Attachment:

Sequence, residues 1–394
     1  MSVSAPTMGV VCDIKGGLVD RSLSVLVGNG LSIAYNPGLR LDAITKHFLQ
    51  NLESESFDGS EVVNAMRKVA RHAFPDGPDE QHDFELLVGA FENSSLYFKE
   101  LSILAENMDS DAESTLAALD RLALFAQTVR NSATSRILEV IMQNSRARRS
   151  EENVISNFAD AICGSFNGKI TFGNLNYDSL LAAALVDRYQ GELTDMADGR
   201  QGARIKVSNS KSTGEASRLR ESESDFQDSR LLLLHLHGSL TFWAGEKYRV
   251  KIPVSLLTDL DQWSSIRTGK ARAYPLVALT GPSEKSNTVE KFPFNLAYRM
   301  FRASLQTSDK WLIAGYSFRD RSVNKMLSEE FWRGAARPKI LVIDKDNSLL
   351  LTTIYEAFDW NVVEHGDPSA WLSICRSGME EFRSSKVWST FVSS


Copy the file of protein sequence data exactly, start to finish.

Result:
Sequence, residues 1–394
     1  MSVSAPTMGV VCDIKGGLVD RSLSVLVGNG LSIAYNPGLR LDAITKHFLQ
    51  NLESESFDGS EVVNAMRKVA RHAFPDGPDE QHDFELLVGA FENSSLYFKE
   101  LSILAENMDS DAESTLAALD RLALFAQTVR NSATSRILEV IMQNSRARRS
   151  EENVISNFAD AICGSFNGKI TFGNLNYDSL LAAALVDRYQ GELTDMADGR
   201  QGARIKVSNS KSTGEASRLR ESESDFQDSR LLLLHLHGSL TFWAGEKYRV
   251  KIPVSLLTDL DQWSSIRTGK ARAYPLVALT GPSEKSNTVE KFPFNLAYRM
   301  FRASLQTSDK WLIAGYSFRD RSVNKMLSEE FWRGAARPKI LVIDKDNSLL
   351  LTTIYEAFDW NVVEHGDPSA WLSICRSGME EFRSSKVWST FVSS